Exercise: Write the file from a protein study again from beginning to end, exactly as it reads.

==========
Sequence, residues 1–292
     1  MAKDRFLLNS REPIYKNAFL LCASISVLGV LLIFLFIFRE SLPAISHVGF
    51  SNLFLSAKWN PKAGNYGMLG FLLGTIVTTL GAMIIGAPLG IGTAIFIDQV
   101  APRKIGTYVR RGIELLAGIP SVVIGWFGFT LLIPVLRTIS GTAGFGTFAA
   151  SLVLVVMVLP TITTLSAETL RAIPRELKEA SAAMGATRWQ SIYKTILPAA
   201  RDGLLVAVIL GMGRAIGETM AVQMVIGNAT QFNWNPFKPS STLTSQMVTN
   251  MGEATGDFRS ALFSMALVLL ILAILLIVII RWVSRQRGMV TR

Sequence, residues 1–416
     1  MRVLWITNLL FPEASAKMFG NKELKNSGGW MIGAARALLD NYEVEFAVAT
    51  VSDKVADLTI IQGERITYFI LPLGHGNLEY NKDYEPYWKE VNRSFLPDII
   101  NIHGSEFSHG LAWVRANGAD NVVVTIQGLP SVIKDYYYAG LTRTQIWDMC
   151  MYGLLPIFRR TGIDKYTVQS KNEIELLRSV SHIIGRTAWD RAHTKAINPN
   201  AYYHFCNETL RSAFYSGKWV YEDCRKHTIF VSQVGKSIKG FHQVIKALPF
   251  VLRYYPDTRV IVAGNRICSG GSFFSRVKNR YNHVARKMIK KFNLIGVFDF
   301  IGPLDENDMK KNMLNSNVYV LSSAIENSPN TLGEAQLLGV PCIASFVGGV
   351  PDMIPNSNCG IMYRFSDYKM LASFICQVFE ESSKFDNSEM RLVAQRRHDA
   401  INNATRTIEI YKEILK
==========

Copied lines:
Sequence, residues 1–292
     1  MAKDRFLLNS REPIYKNAFL LCASISVLGV LLIFLFIFRE SLPAISHVGF
    51  SNLFLSAKWN PKAGNYGMLG FLLGTIVTTL GAMIIGAPLG IGTAIFIDQV
   101  APRKIGTYVR RGIELLAGIP SVVIGWFGFT LLIPVLRTIS GTAGFGTFAA
   151  SLVLVVMVLP TITTLSAETL RAIPRELKEA SAAMGATRWQ SIYKTILPAA
   201  RDGLLVAVIL GMGRAIGETM AVQMVIGNAT QFNWNPFKPS STLTSQMVTN
   251  MGEATGDFRS ALFSMALVLL ILAILLIVII RWVSRQRGMV TR

Sequence, residues 1–416
     1  MRVLWITNLL FPEASAKMFG NKELKNSGGW MIGAARALLD NYEVEFAVAT
    51  VSDKVADLTI IQGERITYFI LPLGHGNLEY NKDYEPYWKE VNRSFLPDII
   101  NIHGSEFSHG LAWVRANGAD NVVVTIQGLP SVIKDYYYAG LTRTQIWDMC
   151  MYGLLPIFRR TGIDKYTVQS KNEIELLRSV SHIIGRTAWD RAHTKAINPN
   201  AYYHFCNETL RSAFYSGKWV YEDCRKHTIF VSQVGKSIKG FHQVIKALPF
   251  VLRYYPDTRV IVAGNRICSG GSFFSRVKNR YNHVARKMIK KFNLIGVFDF
   301  IGPLDENDMK KNMLNSNVYV LSSAIENSPN TLGEAQLLGV PCIASFVGGV
   351  PDMIPNSNCG IMYRFSDYKM LASFICQVFE ESSKFDNSEM RLVAQRRHDA
   401  INNATRTIEI YKEILK